John Hume, Ph.D.

John Hume

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Assistant Professor - Research


PhD, Evolutionary Ecology, University of Glasgow, 2013.

MSci, Zoology, University of Glasgow, 2009.

Areas of Expertise:

Aquaculture; behavioral ecology; chemical ecology; evolutionary ecology; invasive species biology; trophic ecology.


My position is funded by the Great Lakes Fishery Commission (GLFC). The GLFC, together with other management agencies and Michigan State University, form the Partnership for Ecosystem Research and Management (PERM). Through PERM activities, I have conducted research to inform the sea lamprey control program delivered by the GLFC and their agency partners (US Fish & Wildlife Service, US Army Corps of Engineers, and Fisheries and Oceans Canada). 

Research Interests:

I am interested in the biology and management (conservation & control) of lampreys, a small group of fishes found in our streams, lakes, and oceans. Despite getting far less attention than ecologically similar salmonids, lampreys are and have always been a key part of freshwater and inshore marine systems: (i) they are important prey items for a range of taxa, including birds, mammals, reptiles, and fishes; (ii) their regular migrations to and from oceans and large lakes provide nutrient subsidies to the headwaters of rivers; and (iii) their spawning behavior helps maintain well sorted gravel patches which can be utilized by other aquatic organisms. Lampreys are also negatively impacted by the same factors facing other migratory fish species; particularly severe is the impact of habitat fragmentation caused by barriers in rivers. But pollution, climate change, and a few other issues are also severe stressors.

Lamprey management in general interests me as their conservation, and the control of sea lamprey populations in the Great Lakes, can be seen as “two sides of the same coin”. Where lampreys are of conservation concern, we strive to maintain a positive public and legislative attitude towards them, so that we can fund their protection and punish those that violate those agreements. Here in the Great Lakes, where sea lamprey are the only invasive population of lamprey, control is only possible through continued political support to fund a largescale bi-national program and is possible only with the tolerance of the general public in regards to application of pesticides and maintenance of barriers. Therefore, research breakthroughs in one area often can be readily adapted to the benefit of another.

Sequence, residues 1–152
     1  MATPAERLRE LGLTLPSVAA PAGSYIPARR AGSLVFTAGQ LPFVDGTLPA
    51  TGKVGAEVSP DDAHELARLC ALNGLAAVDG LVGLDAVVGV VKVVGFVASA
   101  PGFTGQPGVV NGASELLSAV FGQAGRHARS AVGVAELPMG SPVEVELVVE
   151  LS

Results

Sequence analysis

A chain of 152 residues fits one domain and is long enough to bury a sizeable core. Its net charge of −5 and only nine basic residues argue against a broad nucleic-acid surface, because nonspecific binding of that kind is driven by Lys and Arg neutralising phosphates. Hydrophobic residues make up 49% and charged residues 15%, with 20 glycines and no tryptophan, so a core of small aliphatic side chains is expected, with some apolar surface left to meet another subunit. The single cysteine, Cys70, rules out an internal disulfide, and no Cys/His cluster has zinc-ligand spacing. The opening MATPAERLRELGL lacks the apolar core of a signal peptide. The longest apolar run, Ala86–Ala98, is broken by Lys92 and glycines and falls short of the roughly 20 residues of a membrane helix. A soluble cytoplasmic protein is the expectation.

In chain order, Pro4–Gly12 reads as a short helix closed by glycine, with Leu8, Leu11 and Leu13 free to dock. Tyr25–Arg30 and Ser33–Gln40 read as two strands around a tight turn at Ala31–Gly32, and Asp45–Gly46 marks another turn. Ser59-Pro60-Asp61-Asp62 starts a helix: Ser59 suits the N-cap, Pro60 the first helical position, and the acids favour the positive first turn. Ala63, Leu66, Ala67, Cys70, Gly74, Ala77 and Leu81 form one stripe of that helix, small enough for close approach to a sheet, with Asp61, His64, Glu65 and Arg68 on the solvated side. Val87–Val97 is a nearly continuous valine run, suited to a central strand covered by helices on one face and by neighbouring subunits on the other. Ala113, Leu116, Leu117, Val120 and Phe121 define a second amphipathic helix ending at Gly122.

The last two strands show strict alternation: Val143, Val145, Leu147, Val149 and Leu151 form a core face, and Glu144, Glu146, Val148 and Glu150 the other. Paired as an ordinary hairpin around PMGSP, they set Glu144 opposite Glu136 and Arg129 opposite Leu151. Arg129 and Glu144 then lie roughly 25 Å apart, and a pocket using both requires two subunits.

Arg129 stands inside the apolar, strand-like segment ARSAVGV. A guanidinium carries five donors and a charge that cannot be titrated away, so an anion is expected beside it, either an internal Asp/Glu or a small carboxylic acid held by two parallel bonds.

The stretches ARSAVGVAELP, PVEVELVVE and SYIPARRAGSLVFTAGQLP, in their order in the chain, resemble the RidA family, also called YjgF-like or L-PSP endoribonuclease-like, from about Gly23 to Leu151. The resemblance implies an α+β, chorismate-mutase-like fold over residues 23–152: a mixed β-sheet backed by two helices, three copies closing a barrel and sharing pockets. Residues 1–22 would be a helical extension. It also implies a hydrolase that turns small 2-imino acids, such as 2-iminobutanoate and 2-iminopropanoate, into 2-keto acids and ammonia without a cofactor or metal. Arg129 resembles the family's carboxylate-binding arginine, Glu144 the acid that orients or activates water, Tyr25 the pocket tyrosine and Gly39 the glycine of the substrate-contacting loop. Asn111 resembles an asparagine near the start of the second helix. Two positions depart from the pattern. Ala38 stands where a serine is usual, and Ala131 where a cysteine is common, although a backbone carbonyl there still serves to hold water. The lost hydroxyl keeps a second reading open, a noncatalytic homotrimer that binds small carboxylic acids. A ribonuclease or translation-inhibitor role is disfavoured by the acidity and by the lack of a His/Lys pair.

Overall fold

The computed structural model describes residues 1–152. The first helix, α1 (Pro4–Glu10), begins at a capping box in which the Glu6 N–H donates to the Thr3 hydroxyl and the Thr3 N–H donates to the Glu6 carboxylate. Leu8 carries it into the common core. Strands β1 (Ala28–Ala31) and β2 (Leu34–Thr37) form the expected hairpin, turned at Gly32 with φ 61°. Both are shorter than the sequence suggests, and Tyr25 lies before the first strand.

Select Publications:

Hume, J.B., Almeida, P.R., Buckley, C., Criger, L.A., Madenjian, C.P., Robinson, K.F., Wang, C. & Muir, A.M. (2021). Managing native and non-native sea lamprey (Petromyzon marinus) through anthropogenic change: a prospective assessment of key threats and uncertainties. Journal of Great Lakes Research 47(1): 704-722.

 Hume, J.B., Bracken, F.S.A., Mateus, C.S. & Brant, C.O. (2021). Synergizing basic and applied research approaches to help understand lamprey biology and support management actions. Journal of Great Lakes Research 47(1): 24-37.

Lucas, M.C., Hume, J.B., Almeida, P.R., Aronsuu, K., Habit, E., Silva, S., Wang, C. & Zampatti, B. (2021). Emerging conservation initiatives for lampreys: research challenges and opportunities. Journal of Great Lakes Research 47(1): 690-703.

Moser, M.L., Hume, J.B., Lampman, R., Aronsuu, K. & Jackson, A. (2019). Lamprey early life history: insights from artificial propagation. In: Docker, M.F. (ed) Lampreys: Biology, Conservation & Control Vol. 2. Springer Dordrecht pp 187-245.

Hume, J.B. & Wagner, C.M. (2018) A death in the family: sea lamprey (Petromyzon marinus) avoidance of confamilial alarm cues diminishes with phylogenetic distance. Ecology and Evolution 8(7): 3751-3762.

Hume, J.B., Recknagel, H., Bean, C.W., Adams, C.E. & Mable, B.K. (2018). RADseq and mate choice assays reveal unidirectional gene flow among three lamprey ecotypes despite weak assortative mating: insights into the formation and stability of multiple ecotypes in sympatry. Molecular Ecology 27(22): 4572-4590.